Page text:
How do I call a .NET Web service from a non-Windows client?
The underlying goal of Web services is interoperability across programming and operating platforms. Most programming platforms provide support for Web services both on the server side (service implementation) and on the client side (consumption of services). To consume a Web service, you need the WSDL contract for that service. Once you have this contract, which defines the XML messaging requirements for the service, you can use it to generate a proxy in whatever platform you are using. For example, if you are using open source Java, you might use Apache Axis proxy generators for this. BEA WebLogic/Workshop and IBM Websphere/Studio both have their own proxy generators for consuming Web services.
Once you have the proxy, you can invoke the service as though you were creating an instance of a class and calling one of its methods. The plumbing of the proxy handles serialization and invocation of the service of HTTP/Port 80 (or, whatever protocol the proxy supports if another is used).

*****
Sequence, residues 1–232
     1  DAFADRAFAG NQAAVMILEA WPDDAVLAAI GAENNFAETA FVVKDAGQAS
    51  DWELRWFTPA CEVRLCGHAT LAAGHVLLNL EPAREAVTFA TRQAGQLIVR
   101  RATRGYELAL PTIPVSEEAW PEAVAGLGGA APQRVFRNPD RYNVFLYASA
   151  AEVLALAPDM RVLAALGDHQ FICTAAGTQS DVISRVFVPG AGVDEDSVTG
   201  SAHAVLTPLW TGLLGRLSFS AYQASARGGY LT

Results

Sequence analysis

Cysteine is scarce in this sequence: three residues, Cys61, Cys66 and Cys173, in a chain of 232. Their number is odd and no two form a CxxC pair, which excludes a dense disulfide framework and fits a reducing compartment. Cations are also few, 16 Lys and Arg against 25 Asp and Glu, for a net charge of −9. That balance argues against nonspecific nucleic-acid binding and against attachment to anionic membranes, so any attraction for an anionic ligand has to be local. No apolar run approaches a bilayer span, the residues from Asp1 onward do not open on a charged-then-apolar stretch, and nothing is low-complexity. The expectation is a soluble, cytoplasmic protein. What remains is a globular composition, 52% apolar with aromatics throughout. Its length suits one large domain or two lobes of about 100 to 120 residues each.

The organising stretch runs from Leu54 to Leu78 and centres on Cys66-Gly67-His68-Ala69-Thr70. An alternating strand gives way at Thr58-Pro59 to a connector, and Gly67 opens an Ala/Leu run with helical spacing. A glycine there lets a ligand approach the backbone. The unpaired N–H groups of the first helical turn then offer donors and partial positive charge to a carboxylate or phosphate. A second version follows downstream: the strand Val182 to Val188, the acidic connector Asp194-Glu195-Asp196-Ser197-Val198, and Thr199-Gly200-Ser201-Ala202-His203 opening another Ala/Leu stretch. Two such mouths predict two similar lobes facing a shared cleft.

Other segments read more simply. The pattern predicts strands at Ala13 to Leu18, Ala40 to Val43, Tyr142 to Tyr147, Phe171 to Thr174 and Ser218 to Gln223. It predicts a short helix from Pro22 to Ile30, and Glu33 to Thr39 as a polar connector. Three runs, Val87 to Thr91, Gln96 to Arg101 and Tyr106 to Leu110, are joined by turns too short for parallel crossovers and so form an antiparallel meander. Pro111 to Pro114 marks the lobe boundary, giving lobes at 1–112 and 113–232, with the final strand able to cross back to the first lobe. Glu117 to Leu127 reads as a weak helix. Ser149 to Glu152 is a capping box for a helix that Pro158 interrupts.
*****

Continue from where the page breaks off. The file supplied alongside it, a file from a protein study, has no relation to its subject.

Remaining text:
Here's your checklist:
1. Find the WSDL contract. You get this either from the vendor, or by typing the service URL into a browser which should return either the WSDL contract directly, or a link to it).
2. Select your Web Service API (Apache Axis?) and generate a client-side proxy from the WSDL input.
3. Call the proxy from your client-code. This implies that you are probably selecting a Web Service API that is supported by your programming platform. If the platforms are WS-I (www.ws-i.org) compliant, you have a good chance that they will be interoperable, in most cases they are. If you encounter serialization compatibility issues, there is always a way to solve the problem with a little elbow grease.
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